Evobrutinib is an oral, CNS-penetrating, highly selective inhibitor of Bruton’s tyrosine kinase (BTK) in clinical development as a potential treatment for relapsing multiple sclerosis (RMS). It is the first BTK inhibitor to demonstrate clinical efficacy in the largest Phase II study with follow-up beyond three years as well as demonstrate an impact on early biomarkers of ongoing central inflammation that correlate with disease progression, including slowly expanding lesions (SEL) volume and levels of blood neurofilament light chain protein (NfL). Evobrutinib is designed to modulate B cell responses such as proliferation and antibody and cytokine release, as well as modulate macrophage/microglia activation. During Phase II, the BTKi dose finding study demonstrated that BID dosing achieved maximal efficacy with >95% BTK occupancy maintained in 98% of patients before the next dose. Evobrutinib is currently under clinical investigation and is not approved for any use anywhere in the world.
MAVENCLAD, approved by the U.S. Food and Drug Administration (FDA) on March 29, 2019, is the first and only short-course oral therapy for the treatment of adults with relapsing-remitting disease (RRMS) and active secondary progressive disease (SPMS). Because of its safety profile, use of MAVENCLAD is generally recommended for patients who have had an inadequate response to, or are unable to tolerate, an alternate drug indicated for the treatment of multiple sclerosis (MS), and MAVENCLAD is not recommended for use in patients with clinically isolated syndrome (CIS). Patients should follow healthcare provider instructions including cancer screening, contraception and blood tests. The approved dose of MAVENCLAD is 3.5 mg per kg body weight over two years, administered as one treatment course of 1.75 mg per kg per year, each consisting of two treatment weeks. The mechanism by which cladribine exerts its therapeutic effects in patients with multiple sclerosis has not been fully elucidated but is thought to involve cytotoxic effects on B and T lymphocytes through impairment of DNA synthesis, resulting in depletion of lymphocytes. MAVENCLAD causes a dose-dependent reduction in lymphocyte counts followed by recovery.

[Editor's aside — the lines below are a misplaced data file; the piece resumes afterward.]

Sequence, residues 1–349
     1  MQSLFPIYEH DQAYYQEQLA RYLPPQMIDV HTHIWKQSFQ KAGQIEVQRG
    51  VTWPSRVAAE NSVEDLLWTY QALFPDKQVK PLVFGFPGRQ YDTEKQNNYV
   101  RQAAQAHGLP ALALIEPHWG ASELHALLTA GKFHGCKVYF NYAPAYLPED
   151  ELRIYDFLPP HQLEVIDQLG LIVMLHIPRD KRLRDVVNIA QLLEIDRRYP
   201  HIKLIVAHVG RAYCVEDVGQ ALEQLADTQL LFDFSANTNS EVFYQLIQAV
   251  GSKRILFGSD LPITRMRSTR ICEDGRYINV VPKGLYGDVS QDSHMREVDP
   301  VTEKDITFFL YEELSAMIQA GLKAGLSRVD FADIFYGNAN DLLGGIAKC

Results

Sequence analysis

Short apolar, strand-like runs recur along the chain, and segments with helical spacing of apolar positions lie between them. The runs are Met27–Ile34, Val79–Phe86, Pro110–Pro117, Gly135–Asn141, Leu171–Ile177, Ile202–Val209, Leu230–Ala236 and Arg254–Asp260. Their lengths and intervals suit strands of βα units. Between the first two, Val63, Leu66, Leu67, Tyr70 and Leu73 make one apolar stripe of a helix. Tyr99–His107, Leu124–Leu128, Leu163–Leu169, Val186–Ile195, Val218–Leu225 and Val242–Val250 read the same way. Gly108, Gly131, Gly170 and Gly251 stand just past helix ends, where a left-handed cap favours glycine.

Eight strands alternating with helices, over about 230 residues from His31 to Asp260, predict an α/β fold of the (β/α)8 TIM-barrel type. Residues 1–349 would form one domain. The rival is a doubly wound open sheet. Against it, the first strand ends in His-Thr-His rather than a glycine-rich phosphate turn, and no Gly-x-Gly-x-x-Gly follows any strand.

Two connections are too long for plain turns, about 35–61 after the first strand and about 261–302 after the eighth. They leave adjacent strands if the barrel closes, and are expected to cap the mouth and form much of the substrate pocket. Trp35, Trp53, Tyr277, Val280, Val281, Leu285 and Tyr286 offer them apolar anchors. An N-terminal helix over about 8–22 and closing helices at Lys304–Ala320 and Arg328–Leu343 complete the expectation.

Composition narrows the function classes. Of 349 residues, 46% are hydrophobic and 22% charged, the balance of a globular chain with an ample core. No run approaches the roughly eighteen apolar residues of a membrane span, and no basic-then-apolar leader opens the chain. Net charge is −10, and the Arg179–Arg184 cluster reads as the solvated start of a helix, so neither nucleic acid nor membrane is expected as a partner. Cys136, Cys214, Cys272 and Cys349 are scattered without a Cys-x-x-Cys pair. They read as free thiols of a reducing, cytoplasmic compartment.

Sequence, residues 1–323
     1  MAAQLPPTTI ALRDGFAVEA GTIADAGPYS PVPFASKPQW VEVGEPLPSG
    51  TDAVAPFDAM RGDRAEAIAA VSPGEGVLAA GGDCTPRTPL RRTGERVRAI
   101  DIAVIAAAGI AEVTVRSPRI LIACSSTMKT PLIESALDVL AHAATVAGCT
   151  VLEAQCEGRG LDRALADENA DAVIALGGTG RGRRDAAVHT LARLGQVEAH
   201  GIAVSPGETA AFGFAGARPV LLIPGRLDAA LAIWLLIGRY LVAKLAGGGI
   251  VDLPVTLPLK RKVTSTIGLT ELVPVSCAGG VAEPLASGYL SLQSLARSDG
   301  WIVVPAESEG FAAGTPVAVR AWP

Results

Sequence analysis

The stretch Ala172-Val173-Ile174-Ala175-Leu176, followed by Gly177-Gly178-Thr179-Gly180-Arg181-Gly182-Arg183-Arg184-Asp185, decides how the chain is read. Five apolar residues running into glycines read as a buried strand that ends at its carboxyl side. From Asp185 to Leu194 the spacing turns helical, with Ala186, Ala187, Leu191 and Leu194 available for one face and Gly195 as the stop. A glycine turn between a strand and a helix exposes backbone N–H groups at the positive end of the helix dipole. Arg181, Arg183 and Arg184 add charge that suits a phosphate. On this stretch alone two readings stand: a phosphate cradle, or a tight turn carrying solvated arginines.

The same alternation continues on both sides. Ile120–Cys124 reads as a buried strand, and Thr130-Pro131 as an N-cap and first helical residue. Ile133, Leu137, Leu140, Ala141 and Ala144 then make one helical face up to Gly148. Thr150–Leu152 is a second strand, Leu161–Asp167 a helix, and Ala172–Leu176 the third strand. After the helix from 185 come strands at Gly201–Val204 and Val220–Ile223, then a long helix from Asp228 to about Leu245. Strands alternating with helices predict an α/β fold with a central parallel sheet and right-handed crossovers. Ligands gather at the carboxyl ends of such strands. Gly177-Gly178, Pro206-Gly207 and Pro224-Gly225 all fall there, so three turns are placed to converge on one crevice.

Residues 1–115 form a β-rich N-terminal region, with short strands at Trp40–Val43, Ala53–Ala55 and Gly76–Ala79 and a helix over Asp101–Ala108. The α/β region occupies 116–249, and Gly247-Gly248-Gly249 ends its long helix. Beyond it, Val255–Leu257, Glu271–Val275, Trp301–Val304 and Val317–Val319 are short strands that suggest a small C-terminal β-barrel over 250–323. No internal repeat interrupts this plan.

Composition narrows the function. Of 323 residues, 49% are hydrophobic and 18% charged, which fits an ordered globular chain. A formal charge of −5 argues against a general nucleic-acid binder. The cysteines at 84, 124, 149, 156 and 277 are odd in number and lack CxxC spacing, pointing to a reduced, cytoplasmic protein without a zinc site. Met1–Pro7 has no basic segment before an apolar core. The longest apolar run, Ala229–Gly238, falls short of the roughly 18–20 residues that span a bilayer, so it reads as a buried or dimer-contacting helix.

Because cladribine is cytotoxic, special handling and disposal instructions should be followed.
MAVENCLAD has been approved in over 80 countries, including the European Union (EU), Canada, Australia and Switzerland, for various relapsing MS indications. Visit www.MAVENCLAD.com for more information.
IMPORTANT SAFETY INFORMATION
WARNING: MALIGNANCIES and RISK OF TERATOGENICITY
· Treatment with MAVENCLAD may increase the risk of malignancy. MAVENCLAD is contraindicated in patients with current malignancy. In patients with prior malignancy or with increased risk of malignancy, evaluate the benefits and risks of the use of MAVENCLAD on an individual patient basis. Follow standard cancer screening guidelines in patients treated with MAVENCLAD
· MAVENCLAD is contraindicated for use in pregnant women and in women and men of reproductive potential who do not plan to use effective contraception because of the potential for fetal harm. Malformations and embryolethality occurred in animals. Exclude pregnancy before the start of treatment with MAVENCLAD in females of reproductive potential. Advise females and males of reproductive potential to use effective contraception during MAVENCLAD dosing and for 6 months after the last dose in each treatment course. Stop MAVENCLAD if the patient becomes pregnant
· Patients with current malignancy.
· Pregnant women, and women and men of reproductive potential who do not plan to use effective contraception during and for 6 months after the last dose in each treatment course. May cause fetal harm.
· Patients with human immunodeficiency virus (HIV).
· Patients with active chronic infections (e.g., hepatitis or tuberculosis).
· Patients with a history of hypersensitivity to cladribine.
· Women intending to breastfeed while taking MAVENCLAD tablets and for 10 days after the last dose.
WARNINGS AND PRECAUTIONS
· Malignancies: Treatment with MAVENCLAD may increase the risk of malignancy. After the completion of 2 treatment courses, do not administer additional MAVENCLAD treatment during the next 2 years. In clinical studies, patients who received additional MAVENCLAD treatment within 2 years after the first 2 treatment courses had an increased incidence of malignancy. The risk of malignancy with reinitiating MAVENCLAD more than 2 years after the completion of 2 treatment courses has not been studied. Follow standard cancer screening guidelines in patients treated with MAVENCLAD.
· Risk of Teratogenicity: MAVENCLAD may cause fetal harm when administered to pregnant women. In females of reproductive potential, exclude pregnancy before initiation of each treatment course of MAVENCLAD and prevent by the use of effective contraception during MAVENCLAD dosing and for at least 6 months after the last dose of each treatment course. Women who become pregnant during treatment with MAVENCLAD should discontinue treatment.